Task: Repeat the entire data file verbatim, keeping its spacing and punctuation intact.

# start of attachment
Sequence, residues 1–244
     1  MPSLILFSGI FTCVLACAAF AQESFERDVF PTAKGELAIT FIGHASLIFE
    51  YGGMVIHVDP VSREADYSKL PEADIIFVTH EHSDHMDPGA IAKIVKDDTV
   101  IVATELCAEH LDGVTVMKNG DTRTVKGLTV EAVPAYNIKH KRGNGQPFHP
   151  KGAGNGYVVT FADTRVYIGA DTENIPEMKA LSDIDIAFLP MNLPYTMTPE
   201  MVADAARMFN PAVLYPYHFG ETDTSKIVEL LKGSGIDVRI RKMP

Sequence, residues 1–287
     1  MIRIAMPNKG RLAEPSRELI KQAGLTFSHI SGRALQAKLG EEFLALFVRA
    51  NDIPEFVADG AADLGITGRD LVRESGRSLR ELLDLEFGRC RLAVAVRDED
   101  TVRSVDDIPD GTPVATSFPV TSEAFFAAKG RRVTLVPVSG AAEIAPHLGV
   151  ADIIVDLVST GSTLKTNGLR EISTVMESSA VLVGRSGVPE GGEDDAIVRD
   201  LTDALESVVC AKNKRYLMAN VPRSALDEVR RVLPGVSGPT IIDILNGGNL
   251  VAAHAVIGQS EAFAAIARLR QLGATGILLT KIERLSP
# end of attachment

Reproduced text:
Sequence, residues 1–244
     1  MPSLILFSGI FTCVLACAAF AQESFERDVF PTAKGELAIT FIGHASLIFE
    51  YGGMVIHVDP VSREADYSKL PEADIIFVTH EHSDHMDPGA IAKIVKDDTV
   101  IVATELCAEH LDGVTVMKNG DTRTVKGLTV EAVPAYNIKH KRGNGQPFHP
   151  KGAGNGYVVT FADTRVYIGA DTENIPEMKA LSDIDIAFLP MNLPYTMTPE
   201  MVADAARMFN PAVLYPYHFG ETDTSKIVEL LKGSGIDVRI RKMP

Sequence, residues 1–287
     1  MIRIAMPNKG RLAEPSRELI KQAGLTFSHI SGRALQAKLG EEFLALFVRA
    51  NDIPEFVADG AADLGITGRD LVRESGRSLR ELLDLEFGRC RLAVAVRDED
   101  TVRSVDDIPD GTPVATSFPV TSEAFFAAKG RRVTLVPVSG AAEIAPHLGV
   151  ADIIVDLVST GSTLKTNGLR EISTVMESSA VLVGRSGVPE GGEDDAIVRD
   201  LTDALESVVC AKNKRYLMAN VPRSALDEVR RVLPGVSGPT IIDILNGGNL
   251  VAAHAVIGQS EAFAAIARLR QLGATGILLT KIERLSP